How do you use Gain?

Brad has blessed us with so many wonderful improvements over the past year, and I must admit, it is quite a challenge to keep up in my feeble little world. I am off stage for a short period of time, and am transitioning to 35XX on another computer. While trying to resolve a problem with gain, I researched through past posts and found a treasure trove of information. But, so much has changed since 90% of those posts were written, I found myself wondering what the resident Guru’s are doing now in the latest 32XX and 35XX.

From start to finish, how is your signal being controlled gain-wise. Are Gain racks still being used? Pedals being used on curves? Pre-amps? Gain bindings? Compression? Anything that makes your live performance volume work . Thanks for any input. Hopefully this will be a good source for others to learn.




Well I’m having to go through all my songs and lower everything- in the process of trying to level my patches to each other they’ve crept up so hot that some are red-lining the main output. It would be cool to have a macro that would lower every single output in a setlist by some specified amount, like say 3dB. (There isn’t anything like that is there? There’s so many crazy features in Cantabile I haven’t discovered even yet!)

Other than that I might have dynamic processing on specific instruments for whatever reason but that’s it. I count on the built-in limiter at the main out to keep outputs from going out of control generally. I also have a little Korg nanoKontrol I plan to incorporate for fader and some transport control functions, just haven’t had time to set it up yet.

Hi Fred

I have been having the same problem. On many of my wurly’s and rhodes, I barely touch the keys and the sound explodes with distortion. I think the problem began when I added my pedal. I put a curve on my pedal to reduce the sensitivity, but it didn’t help that much. I thought about limiting it, but like you, I really haven’t discovered many of C3’s newest features yet.

Dear Corky,

I think the most important thing to have is a reference-sound which you do not touch at any time regarding gain / volume. On my rig it’s the piano-sound. It is at 0db at anytime and it is far away from clipping. I made the experience, that the outputs of an interface (Babyface here) is so hot that the engineers want me to lower it anyways. So you don’t loose anything of the dynamic range.

So if I start creating a new song the first thing I do is adding my reference sound and adjust the volumes of the other sounds in relation to the piano-sound.

Another trick that really helps is adding a button, that sets mainvolume -20db. With that trick you can hear very easily which sounds are way too loud. I think this has to do with the natural compression of the ear. If you have an overall loud-volume your ear will compress the sounds and it’s hard to tell which sounds are way to loud. So turn down the volume significant and play your song. If you still here an instrument very well you know: It’s too loud and will blow your ears on stage.

I don’t use compression as VST too much. But on most of my natural sounds (especially strings) I limit the dynamic range of the velocity-input. To be honest: As keyboarder you might have the widest dynamic range on stage and that is a problem. I learned, that I have to limit myself regarding dynamic when playing in a band. And I really don’t need a range of 0-127 on a strings-sound… especially if it’s just a pad.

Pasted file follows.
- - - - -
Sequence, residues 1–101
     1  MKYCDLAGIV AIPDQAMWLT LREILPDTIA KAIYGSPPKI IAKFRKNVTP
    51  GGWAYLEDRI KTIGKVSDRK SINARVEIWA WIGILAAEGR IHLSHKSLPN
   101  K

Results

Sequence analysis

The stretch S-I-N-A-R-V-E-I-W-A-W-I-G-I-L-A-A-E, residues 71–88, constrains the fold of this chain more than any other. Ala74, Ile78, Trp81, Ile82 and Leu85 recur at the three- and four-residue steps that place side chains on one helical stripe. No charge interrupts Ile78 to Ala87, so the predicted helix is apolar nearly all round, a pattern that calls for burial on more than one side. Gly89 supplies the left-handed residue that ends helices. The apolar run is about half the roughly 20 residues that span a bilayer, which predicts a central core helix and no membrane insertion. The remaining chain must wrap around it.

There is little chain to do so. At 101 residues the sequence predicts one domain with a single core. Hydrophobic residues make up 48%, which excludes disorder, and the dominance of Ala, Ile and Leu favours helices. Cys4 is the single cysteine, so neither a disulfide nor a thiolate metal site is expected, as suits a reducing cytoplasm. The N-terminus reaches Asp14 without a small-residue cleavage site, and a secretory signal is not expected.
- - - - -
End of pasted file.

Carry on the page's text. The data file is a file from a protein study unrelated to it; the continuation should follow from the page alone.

And of course it’s very useful to have a song-volume-rack where all other instrument racks are routed into audio-wise. This allows you to easily adjust the volume of the whole song with one slider.

I hope that helps! :wink:


Great tips! I usually have compression on my highly percussive organ sounds, maybe a bit on certain pianos and electric pianos for effect. Most other sounds in the keyboard world don’t really benefit from it, you are correct.

1 Like

What I am doing in all my songs: I have a “Master Rack” with two master faders in it (one for guitar, one for keys). This rack is the final gain control - and I’ve set it to NOT be controlled by the containing song, so it doesn’t get initialized when songs change. To lower the level of all keyboard sounds in a set, I simply pull the master fader (via a midi controller) - all keys sounds immediately go down across all songs.

Before this “final level”, I have five levels of gain control:

  1. first, within the plugins, I try to set the levels to a common loudness when designing the patch
  2. where this is not possible (sample set too soft, too much filtering), I use the plugin gain to boost when necessary
  3. Every instrument rack has a final fader plugin that is controlled by sending CC7 to the rack. I use this for manual volume control via expression pedal or modwheel or whatever. This fader gets initialized on state change so I’m sure that it’s initially on 0dB
  4. within songs, I use the gain slider for every rack to define the “static mix”: balance the individual sounds against each other
  5. Within each song, I have separate “volume racks” for main keys, solo keys, extra sounds. These are bound to a fader on my keyboard, so it’s easy to simply lower the solo sound, even though it may be composed of two or three individual racks. Also, the effects racks for main, solo, extra feed into these volume racks, so that I lower/boost both the sound AND the effect.

Finally, all these volume racks feed into my master rack as explained above. This one contains a separate master EQ, compressor and volume control for guitar and keyboard sounds.

So, on my master keyboard, there are dedicated faders in every song for: